The mutual fund industry has problems beyond the ones regulators are investigating, and unfortunately they have included a combination of arrogance and indifference to the needs of customers. As a professional advisor, you are closer to your clients than are most mutual fund groups. You take the time to understand and address clients' needs. In this column, I'd like to help you focus on specific ideas for changing your practice in 2004, to take advantage of powerful trends in your profession.

Even before the mutual fund headlines of the past year, leading advisors had begun implementing changes designed to increase their objectivity, revenues and practice efficiencies while meeting clients' need for lower costs. Many of today's clients want to pay fees (not commissions) for professional investment advice and asset management, and they want the total (all-in) cost of these fees to be 2.0% annually or less.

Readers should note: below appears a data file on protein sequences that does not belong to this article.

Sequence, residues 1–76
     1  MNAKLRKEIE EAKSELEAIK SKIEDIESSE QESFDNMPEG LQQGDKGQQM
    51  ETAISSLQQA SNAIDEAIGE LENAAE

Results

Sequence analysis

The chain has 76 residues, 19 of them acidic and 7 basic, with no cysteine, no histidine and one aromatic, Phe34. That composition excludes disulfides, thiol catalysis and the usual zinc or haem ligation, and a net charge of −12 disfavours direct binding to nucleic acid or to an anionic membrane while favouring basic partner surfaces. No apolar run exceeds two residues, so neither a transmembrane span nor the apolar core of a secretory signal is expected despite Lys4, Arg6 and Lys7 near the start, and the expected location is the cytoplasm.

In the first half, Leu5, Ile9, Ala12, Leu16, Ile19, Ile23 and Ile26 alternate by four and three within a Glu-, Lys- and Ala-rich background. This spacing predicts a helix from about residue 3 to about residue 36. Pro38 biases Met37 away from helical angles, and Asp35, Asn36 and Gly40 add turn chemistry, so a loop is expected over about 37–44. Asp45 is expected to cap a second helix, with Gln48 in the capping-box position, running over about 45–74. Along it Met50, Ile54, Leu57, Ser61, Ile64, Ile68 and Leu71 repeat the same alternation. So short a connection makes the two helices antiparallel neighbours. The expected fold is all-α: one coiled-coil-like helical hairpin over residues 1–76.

Recently, I have spoken with several successful advisors who are helping clients meet all-in cost targets ranging from 1.50% to 2.0%. They are generating personal earnings, before overhead, of $400,000 and up. Several years ago, they were advocates of mutual funds. But under the new cost-conscious model, they just can't make funds with high management fees work. You can't generate $400,000 a year selling funds with high expense ratios, when your clients are only willing to pay total ongoing costs of 2.0%. The math doesn't work.

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